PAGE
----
A bit about us...

We are a modern family of three, living on less than two acres with a 3,000 square foot garden that meets our produce needs and allows us to share with friends and neighbors. Our laying flock of chickens seems to expand each year as we raise chicks each Spring to replace older hens. This blog is more of a journal, if you will, for us to chronicle and share our experiences in the yard, garden and kitchen. It is our hope that along the way a few folks might learn something, be entertained, or simply enjoy sharing in our stories and the lessons we learn on a daily basis. I named the blog after the times when I am the happiest, when I am elbow deep in earth.

Thursday, October 27, 2011

Side effects can be distressing

Everyone has experienced the negative side effects of medication at some point in their lives. Nausea, weight gain, headaches, the list is endless.   We come to expect some side effects to simply be a consequence of the need for medication.

The same can be said for some aspects of life.  For instance, living outside the confines of the city, what some would call "the country," has it's own set of side effects.  On remote and some not-so-remote roads, people dump trash and televisions and the like along side the road.  I simply can't imagine where they think the stuff is going to go, it certainly won't biodegrade and it isn't going to be picked up by the junk fairy.  Nevertheless, people don't think, and they dump things along side the road anyway.

Since living in my house (off and on for the last 8 years or so), I had not encountered the side effect that has begun plaguing me until recently.

"The Beav" napping, days after he adopted us - MAY
One evening in May, I was headed out to put the chickens to bed when a cat scooted out from under the rabbit hutches and ran a short way. I clapped my hands and tried to shoo him away.  Instead, he ran under the wheel barrow and cried at me as though I had scared him.  He followed me around and refused to leave, spending evenings crying on my porch.  I took him to the vet, only to find that he had been neutered and released in my area with FIV.  FIV is the feline AIDS virus.  He CANNOT come in contact with my healthy house cats, or he could infect them.  The vet wanted to put him down immediately, but I protested.  I took him to the humane society, hoping they could help him find a forever home.  They informed me that they would not adopt him out, but they would not put him down either.  Essentially, they would treat him medically, vaccinate him, and release him back in the "area in which he was found" (at my house).  I resigned myself to this fact and made him a home in a separate part of my house, where my house cats are not permitted.  He lives happily here and has put on weight, grown his fur back and become a playful and loving kitty.  Cats can live relatively long and happy lives with FIV, although often shorter lives that healthy cats.  Secondary infections are the main cause of death in these cats.  So, as long as we can keep him healthy and happy, he can have a good life.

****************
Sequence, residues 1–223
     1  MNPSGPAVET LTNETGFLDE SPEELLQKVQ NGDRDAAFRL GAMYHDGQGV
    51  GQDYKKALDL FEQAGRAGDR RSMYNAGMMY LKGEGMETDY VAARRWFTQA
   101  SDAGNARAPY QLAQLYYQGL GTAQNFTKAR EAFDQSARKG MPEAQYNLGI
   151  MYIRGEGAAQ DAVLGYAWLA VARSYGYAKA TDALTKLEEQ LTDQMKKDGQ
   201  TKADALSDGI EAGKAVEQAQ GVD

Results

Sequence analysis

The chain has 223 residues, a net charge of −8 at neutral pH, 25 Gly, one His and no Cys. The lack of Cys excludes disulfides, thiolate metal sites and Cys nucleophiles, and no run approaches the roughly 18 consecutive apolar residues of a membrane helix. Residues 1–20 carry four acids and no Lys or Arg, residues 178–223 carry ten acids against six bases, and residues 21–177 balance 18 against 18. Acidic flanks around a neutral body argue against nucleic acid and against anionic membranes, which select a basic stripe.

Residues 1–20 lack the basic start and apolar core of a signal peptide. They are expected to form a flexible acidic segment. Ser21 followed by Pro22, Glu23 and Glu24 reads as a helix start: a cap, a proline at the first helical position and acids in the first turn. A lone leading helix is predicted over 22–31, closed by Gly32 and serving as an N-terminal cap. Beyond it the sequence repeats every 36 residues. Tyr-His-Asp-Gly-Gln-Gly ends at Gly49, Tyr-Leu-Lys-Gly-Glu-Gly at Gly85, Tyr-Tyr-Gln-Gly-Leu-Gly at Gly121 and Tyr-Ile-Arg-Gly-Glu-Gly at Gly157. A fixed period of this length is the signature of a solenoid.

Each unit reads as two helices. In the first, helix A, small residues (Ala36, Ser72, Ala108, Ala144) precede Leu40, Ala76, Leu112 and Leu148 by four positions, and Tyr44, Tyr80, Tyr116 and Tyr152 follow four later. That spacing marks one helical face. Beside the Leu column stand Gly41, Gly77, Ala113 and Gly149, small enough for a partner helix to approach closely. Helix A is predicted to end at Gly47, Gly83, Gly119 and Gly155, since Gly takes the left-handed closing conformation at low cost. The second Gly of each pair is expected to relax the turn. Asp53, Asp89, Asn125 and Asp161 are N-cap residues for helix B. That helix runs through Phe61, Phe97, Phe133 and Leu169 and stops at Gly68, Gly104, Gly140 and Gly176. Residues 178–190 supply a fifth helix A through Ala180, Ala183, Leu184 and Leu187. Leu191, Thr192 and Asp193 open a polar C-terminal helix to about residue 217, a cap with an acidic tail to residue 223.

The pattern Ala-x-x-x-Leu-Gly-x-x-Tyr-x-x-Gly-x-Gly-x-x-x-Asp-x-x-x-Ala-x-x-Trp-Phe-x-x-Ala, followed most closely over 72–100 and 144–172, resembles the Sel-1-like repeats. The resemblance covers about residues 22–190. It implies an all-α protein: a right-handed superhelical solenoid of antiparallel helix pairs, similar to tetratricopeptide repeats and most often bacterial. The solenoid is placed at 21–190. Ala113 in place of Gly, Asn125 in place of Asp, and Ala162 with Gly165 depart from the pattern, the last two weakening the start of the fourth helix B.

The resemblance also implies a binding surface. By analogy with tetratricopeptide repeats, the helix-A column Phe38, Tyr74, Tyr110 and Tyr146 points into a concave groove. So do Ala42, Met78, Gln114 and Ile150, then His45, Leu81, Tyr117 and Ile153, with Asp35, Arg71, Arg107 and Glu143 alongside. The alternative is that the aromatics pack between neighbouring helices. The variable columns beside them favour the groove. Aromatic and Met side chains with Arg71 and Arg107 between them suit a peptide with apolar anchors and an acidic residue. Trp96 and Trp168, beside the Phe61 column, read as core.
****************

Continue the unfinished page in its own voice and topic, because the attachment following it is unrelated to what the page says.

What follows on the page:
Rain eating one of his first meals - JUNE
In June, another cat showed up... this one very vocal and a little more shy.  Like the first, it was thin, and was apparently blind in one eye, but not unfriendly or mean.  I was certain it was a girl, until the vet told me otherwise.  It spent several days watching me from a distance before deciding to follow me everywhere I went in the yard, including the chicken coop.  We decided to let him audition as a mouser in the coop, since the chickens didn't seem to mind him and he paid them no attention as well.  We had been telling him to "go away" without results, so Lexi decided we should name him "Rain" as in "Rain, Rain, go away...."  She is such a doll!  I loved the name, so it stuck.

I went to a different vet with this cat, as I was VERY unhappy with the way my previous vet had handled the situation with the last stray.  This time, the vet diagnosed the stray with Feline Leukemia.  Contrary to my previous experience, the new vet spent time telling  me about how cats with Leukemia can live a long happy life with proper care.  It was settled, Rain is our mouser.  He seems to really be happy with that...as he spends lots of time in the coop and never asks to come indoors.

Copy Cat - JULY